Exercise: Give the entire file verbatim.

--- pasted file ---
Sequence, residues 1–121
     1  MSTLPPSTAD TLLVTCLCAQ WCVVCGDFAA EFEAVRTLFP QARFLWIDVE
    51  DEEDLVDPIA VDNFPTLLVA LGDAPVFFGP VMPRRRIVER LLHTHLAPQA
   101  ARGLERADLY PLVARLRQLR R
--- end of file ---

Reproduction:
Sequence, residues 1–121
     1  MSTLPPSTAD TLLVTCLCAQ WCVVCGDFAA EFEAVRTLFP QARFLWIDVE
    51  DEEDLVDPIA VDNFPTLLVA LGDAPVFFGP VMPRRRIVER LLHTHLAPQA
   101  ARGLERADLY PLVARLRQLR R